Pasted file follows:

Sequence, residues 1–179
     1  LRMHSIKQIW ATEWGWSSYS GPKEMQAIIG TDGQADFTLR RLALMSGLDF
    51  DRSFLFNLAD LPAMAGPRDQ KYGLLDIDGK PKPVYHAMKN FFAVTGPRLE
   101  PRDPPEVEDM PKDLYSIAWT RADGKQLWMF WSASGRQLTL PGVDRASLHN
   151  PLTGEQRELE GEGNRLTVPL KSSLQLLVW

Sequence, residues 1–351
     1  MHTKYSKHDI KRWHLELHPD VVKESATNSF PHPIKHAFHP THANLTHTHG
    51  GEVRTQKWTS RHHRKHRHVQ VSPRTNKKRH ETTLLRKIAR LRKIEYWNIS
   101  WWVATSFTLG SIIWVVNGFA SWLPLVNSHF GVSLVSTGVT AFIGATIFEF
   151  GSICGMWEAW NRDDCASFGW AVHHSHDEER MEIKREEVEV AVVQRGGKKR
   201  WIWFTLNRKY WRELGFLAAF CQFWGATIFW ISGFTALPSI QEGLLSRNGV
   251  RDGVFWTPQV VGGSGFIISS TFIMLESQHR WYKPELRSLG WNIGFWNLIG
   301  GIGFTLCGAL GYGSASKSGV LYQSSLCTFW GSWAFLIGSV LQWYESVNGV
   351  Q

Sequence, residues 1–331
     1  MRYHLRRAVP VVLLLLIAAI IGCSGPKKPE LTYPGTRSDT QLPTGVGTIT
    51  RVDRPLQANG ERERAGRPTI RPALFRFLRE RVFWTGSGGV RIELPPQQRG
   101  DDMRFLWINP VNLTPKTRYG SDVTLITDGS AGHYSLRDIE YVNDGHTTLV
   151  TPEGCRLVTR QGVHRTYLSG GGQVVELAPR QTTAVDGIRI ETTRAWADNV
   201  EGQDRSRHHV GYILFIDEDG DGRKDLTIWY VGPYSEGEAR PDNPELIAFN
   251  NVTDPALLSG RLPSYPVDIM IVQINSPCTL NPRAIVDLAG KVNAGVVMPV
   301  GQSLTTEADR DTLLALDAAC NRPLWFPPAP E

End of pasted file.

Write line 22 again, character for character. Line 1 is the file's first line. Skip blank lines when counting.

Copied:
   301  GQSLTTEADR DTLLALDAAC NRPLWFPPAP E